Britain is loads more enterprising than it used to be - but the truth is, we’re miles behind our rivals. The good news is that Britain boasts nearly two million more firms than at the turn of the century. Over 40 per cent of Europe’s “unicorns” (new firms worth over $1 billion) are UK based. And by the next election, there will be more self-employed people than public service workers. 

But, here’s the bad news. Globally, we’re only 48th out of 60 in the global enterprise league table - and of the top 300 companies created in the last thirty years, only a handful are British. The only two British websites in the global 100 were actually founded in America - google.co.uk and amazon.co.uk. Worst of all, according to new House of Commons library figures which I commissioned this week, over a million people have left entrepreneurial activity in the last three years. 

Yet in my new history of British capitalism, Dragons, published today, I show how we’re a nation built by some of the greatest entrepreneurs on the planet. They were the buccaneers like Robert Rich, who built the trading companies and colonies of north America. The traders like Thomas Diamond Pitt who built old multi-nationals like the East India Company. They were industrial revolutionaries like Matthew Boulton who perfected the steam engines, and capitalists like Nathan Rothschild who built the bond market. Down the ages, there were of course great rogues and fraudsters, slavers, opium dealers and imperialists, like George Hudson, William Jardine and Cecil Rhodes. And through the centuries, women were in particular, were frozen out of the power structures of the market.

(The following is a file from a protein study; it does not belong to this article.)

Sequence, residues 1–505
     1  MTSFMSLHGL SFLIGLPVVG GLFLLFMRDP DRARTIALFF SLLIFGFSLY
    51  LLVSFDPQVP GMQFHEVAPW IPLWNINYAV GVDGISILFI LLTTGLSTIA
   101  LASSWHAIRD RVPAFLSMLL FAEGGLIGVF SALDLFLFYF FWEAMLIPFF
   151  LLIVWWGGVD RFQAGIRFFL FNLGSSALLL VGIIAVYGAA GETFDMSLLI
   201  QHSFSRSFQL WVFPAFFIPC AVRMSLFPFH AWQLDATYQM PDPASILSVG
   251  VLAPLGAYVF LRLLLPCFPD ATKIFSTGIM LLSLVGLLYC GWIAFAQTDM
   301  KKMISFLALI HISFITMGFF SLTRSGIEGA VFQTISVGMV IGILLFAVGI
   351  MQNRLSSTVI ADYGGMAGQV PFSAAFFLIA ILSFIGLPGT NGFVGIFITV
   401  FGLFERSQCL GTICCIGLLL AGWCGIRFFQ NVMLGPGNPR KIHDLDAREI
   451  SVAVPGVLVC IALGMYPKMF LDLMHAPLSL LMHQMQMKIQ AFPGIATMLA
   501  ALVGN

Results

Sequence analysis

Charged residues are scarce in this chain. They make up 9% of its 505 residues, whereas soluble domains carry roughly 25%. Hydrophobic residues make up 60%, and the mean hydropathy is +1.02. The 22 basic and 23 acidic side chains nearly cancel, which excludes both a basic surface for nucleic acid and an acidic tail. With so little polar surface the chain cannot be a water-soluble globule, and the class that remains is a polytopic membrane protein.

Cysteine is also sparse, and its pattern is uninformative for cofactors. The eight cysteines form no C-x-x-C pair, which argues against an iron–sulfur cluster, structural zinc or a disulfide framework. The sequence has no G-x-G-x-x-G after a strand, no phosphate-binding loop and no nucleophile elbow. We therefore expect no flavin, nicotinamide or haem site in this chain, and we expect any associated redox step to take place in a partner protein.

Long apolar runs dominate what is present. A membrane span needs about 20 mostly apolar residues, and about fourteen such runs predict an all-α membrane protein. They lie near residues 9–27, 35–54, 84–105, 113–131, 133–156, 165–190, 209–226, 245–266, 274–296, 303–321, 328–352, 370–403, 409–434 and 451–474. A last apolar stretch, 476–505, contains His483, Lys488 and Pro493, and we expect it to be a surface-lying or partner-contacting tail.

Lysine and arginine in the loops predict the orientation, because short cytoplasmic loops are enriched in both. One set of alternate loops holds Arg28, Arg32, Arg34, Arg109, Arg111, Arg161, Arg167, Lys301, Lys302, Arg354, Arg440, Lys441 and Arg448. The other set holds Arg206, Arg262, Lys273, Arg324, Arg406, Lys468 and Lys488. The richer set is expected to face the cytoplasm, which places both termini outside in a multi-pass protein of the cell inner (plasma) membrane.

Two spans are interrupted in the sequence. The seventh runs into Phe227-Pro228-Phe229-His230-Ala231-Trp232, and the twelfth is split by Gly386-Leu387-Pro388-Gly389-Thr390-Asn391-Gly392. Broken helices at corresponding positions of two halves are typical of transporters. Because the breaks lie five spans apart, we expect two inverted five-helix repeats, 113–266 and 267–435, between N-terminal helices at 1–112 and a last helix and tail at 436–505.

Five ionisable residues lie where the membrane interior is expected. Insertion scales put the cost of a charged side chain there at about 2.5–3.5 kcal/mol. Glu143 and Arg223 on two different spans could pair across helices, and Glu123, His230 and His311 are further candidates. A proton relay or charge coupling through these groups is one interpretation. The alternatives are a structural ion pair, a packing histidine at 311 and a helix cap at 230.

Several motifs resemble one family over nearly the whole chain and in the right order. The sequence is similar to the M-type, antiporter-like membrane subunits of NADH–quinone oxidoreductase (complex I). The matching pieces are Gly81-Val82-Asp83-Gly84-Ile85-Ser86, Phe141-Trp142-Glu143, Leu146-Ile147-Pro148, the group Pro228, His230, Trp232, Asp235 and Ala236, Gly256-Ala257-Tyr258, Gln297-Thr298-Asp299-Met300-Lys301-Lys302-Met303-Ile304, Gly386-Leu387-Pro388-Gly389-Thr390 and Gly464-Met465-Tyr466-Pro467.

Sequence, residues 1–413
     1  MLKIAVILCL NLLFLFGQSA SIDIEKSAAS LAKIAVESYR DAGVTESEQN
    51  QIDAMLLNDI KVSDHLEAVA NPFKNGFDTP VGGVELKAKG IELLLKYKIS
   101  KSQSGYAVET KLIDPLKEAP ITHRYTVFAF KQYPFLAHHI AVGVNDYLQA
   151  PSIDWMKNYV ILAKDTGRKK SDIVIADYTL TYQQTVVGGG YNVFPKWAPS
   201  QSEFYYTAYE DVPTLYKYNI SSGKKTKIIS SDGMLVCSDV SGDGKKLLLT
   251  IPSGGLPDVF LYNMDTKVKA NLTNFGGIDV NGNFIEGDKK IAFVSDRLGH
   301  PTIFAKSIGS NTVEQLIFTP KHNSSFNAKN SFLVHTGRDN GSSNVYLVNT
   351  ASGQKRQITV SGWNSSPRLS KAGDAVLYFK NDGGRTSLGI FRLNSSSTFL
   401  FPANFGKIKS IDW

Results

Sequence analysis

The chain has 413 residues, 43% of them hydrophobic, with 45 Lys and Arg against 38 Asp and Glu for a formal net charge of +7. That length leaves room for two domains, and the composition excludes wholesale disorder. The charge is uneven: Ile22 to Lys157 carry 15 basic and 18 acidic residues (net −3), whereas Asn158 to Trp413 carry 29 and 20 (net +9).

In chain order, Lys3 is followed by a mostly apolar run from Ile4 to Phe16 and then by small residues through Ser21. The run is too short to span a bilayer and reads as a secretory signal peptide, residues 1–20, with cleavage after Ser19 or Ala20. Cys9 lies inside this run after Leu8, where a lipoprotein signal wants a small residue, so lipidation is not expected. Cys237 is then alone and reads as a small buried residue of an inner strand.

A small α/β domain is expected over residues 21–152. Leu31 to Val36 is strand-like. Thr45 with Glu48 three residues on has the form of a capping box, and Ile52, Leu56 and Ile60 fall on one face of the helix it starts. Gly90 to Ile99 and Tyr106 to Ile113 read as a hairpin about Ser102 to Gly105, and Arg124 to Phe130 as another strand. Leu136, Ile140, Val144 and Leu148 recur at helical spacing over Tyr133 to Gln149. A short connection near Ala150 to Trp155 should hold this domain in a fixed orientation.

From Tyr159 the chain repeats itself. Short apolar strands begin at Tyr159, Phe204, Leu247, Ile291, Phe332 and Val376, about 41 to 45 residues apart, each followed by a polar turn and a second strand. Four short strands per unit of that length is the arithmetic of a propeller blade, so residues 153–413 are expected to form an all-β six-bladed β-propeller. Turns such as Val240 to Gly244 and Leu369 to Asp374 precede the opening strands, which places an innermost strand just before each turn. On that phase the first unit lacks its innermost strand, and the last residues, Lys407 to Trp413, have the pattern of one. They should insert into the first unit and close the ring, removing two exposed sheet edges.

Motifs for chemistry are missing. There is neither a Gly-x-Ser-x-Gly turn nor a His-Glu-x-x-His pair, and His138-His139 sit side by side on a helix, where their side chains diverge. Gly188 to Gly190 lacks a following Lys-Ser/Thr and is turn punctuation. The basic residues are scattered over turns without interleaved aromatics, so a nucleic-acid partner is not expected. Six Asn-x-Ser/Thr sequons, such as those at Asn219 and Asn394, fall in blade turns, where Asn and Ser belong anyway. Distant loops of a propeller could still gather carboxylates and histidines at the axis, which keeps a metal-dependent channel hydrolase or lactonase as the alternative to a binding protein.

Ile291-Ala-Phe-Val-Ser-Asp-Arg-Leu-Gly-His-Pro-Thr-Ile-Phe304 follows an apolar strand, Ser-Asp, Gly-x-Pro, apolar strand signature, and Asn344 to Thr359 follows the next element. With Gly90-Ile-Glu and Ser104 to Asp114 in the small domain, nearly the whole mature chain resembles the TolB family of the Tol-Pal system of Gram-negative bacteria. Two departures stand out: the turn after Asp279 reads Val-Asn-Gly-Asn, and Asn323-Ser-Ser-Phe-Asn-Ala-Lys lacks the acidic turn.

But, throughout our past, great visionaries like George Cadbury, William Lever and John Spedan Lewis not only created new wealth but invented new ways to share it, from Port Sunlight to Bournville, to the board rooms of the John Lewis Partnership.